10 June 2022

Kyalami Estates - May Round-up

31 May 2022 - Kyalami Estates

With winter almost upon us, May was a relatively quiet month with only 48 species recorded. However, two sightings on the same late afternoon were certainly the highlight of the month.

A local birder alerted me to a Black Spa perched at the top of a dead Bluegum Tree opposite his house. I raced down from my house to find it was still there - a gorgeous pale form Black Sparrowhawk soaking up the late afternoon sun

Black Sparrowhawk (Accipiter melanoleucus)

No sooner had I got back to my house, when he called again to say an Ovambo Sparrowhawk was now sitting in the same tree. Back down I went, but it had flown off. The sun had now gone down and I managed to connect with one of the two birds in less than favourable light

Ovambo Sparrowhawk (Accipiter ovampensis)

From my balcony, I recorded a few African Green Pigeons perched in the top of a dead Pine Tree late one afternoon

African Green Pigeon (Treron calvus)

I also recorded African Olive Pigeon

African Olive Pigeon (Columba arquatrix)

Red-eyed Doves

Red-eyed Dove (Streptopelia semitorquata)

And Cape White-Eye feeding on the Bottlebrush

Cape White-Eye (Zosterops virens)

In the Parks, Reed Cormorants were occasionally seen

Reed Cormorant (Microcarbo africanus)

The small flock of Bronze Mannikin's were enjoying feeding on the seed heads of the Pampas Grass

Bronze Mannikin (Lonchura cucullata)

Whilst Red Bishops are all now in winter/non-breeding plumage

Southern Red Bishop (Euplectes orix)

And the Thick-billed Weavers are also still present in the reed habitat at the dam

Thick-billed Weaver (Amblyospiza albifrons)

Common Moorhen stroll around on the grass surrounding the dam

Common Moorhen (Gallinula chloropus)

Whilst these Spotted Thick-knee's tried to keep low key in a flowerbed on the grass verge

Spotted Thick-knee (Burhinus capensis)

Mellow Yellow amongst the Wild Dagga

31 May 2022 - Northern Farms

Andre and I had tried unsuccessfully on our previous visits to find Yellow Warbler. Last week Andre let a Bird Club outing and connected with a number of these Warblers, so we hatched a plan for an early morning visit to try again.

We met early at the gate and picked up a Cape Longclaw sitting high on a plant in the soft early morning light.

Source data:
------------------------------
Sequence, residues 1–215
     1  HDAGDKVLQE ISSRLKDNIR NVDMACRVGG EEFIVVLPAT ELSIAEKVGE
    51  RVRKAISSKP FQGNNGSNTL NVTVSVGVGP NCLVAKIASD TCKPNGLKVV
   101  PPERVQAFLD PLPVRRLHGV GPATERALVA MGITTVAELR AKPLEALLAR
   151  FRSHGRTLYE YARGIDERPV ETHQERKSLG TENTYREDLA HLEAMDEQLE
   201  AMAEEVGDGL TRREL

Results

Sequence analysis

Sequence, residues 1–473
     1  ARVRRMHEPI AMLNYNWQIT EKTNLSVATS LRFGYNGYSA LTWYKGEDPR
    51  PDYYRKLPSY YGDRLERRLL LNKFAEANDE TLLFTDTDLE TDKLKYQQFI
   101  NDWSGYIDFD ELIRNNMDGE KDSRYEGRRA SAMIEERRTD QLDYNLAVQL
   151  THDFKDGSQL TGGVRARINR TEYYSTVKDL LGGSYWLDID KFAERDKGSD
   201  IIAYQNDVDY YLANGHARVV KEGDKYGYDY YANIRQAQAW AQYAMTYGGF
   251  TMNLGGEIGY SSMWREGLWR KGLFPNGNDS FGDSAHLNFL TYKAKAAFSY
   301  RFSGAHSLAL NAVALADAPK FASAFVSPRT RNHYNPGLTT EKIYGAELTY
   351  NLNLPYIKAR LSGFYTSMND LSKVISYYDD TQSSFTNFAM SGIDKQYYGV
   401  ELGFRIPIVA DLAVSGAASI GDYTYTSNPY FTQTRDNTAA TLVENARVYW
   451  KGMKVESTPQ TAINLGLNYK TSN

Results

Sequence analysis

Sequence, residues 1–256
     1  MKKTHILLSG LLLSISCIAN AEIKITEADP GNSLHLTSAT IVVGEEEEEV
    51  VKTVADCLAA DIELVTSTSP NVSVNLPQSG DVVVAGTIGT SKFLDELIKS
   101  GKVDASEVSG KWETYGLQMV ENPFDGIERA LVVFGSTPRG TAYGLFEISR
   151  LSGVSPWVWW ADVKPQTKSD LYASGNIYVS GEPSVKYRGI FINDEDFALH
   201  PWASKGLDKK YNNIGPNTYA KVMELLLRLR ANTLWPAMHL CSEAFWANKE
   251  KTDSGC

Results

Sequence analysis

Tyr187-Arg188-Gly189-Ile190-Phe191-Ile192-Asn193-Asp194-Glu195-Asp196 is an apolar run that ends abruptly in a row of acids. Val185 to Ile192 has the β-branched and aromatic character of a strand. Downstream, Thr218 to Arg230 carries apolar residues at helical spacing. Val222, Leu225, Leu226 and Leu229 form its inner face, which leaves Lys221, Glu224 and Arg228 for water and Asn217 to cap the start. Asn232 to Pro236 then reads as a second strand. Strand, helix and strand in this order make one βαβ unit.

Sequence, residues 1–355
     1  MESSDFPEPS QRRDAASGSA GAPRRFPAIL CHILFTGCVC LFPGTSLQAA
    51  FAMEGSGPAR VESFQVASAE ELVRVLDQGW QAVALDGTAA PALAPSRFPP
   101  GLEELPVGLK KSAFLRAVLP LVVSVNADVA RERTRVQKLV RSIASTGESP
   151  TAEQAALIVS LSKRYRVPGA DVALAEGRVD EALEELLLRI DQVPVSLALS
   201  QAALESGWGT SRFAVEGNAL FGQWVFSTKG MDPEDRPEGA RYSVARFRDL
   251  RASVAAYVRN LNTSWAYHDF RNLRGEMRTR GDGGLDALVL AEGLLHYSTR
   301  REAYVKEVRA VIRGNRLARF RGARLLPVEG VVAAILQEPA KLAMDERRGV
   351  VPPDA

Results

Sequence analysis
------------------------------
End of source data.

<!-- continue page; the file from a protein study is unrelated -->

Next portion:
Cape Longclaw (Macronyx capensis)

We then headed to the quarry and placed ourselves in amongst the Wild Dagga plants waiting for the sun to rise and get a little warmer. We picked up many of the usual suspects and enjoyed watching the two resident Sunbird's feeding on the flowering Wild Dagga (Leonotis). A few Amethyst were the most obliging

Amethyst Sunbird (Chalcomitra amethystina)

Andre then picked up a Yellow Warbler low down in the Leonotis and we watched it working its way up the plant, stopping to sing every now and then - just magic in the crisp early morning light

African Yellow Warbler (Iduna natalensis)

There were around 3 - 4 birds and they moved around in the general area, giving more views of this not often seen species

African Yellow Warbler (Iduna natalensis)

Shortly after enjoying the Warbler's we had a distant Peregrine Falcon fly-by, another great bird for this location

Peregrine Falcon (Falco peregrinus)

As this was a focused outing, we called it a morning but stopped briefly at the large dam where there was a mixed species Heronry and had a Grey Heron flyby

Grey Heron (Ardea cinerea)

08 June 2022

Soaring with the Eagles

28 May 2022 - Walter Sisulu Botanical Gardens

After Northcliff Ridge, it was a 30-minute drive to Walter Sisulu Botanical Gardens where I wanted to spend some time with the resident Black (Verreaux's) Eagles. I still prefer the old name.

It was a gorgeous morning, as I walked through the gardens to the Waterfall

Waterfall at Walter Sisulu Botanical Gardens

Since the birds have nested and laid eggs, there is always a monitor present to ensure there is no unnecessary disturbance to these majestic Eagles. I was told that the first chick had hatched only 3-days ago, so there was a slim chance of seeing the adults bring in some prey.

We assumed it was the female sitting on the nest

Female Verreaux's Eagle (Aquila verreauxii) on the nest

But not too long after I arrived, she flew off to perhaps stretch her wings and to dispose of some nest material

Off the nest with some unwanted nesting material

After she landed back on the nest, the male returned but without any offerings and the two birds spent a short time on the nest, before the male departed

Male Verreaux's Eagle (Aquila verreauxii) departing the nest

He then went on to put on an aerial display which was just awesome and later brought in some new nesting material

The start of his display flight

Gathering some new nesting material

Returning to the nest

Not too long after a couple of Pied Crow's flew by too close and then the action heated up and the crowd below was treated to some impressive aerial action, as they each took turns chasing each other - Top Gun 2.1. I'm sure if the Crow's were a real threat, the Eagle could have easily taken them out.

Male Verreaux's Eagle (Aquila verreauxii) and Pied Crow (Corvus albus) interaction


It was a totally enjoyable morning spent with these two celebrities, so close to Johannesburg. During the time at the Waterfall, I noticed large numbers of green locusts/grasshoppers on the move. They must be toxic, as no birds tried to catch or eat them

Locust sp.

On the way out, I Southern Fiscal was mimicking a variety of calls, trying to encourage some easy prey to take an interest - no such luck!

Southern Fiscal (Lanius collaris)

Migrants and invisible Ele's

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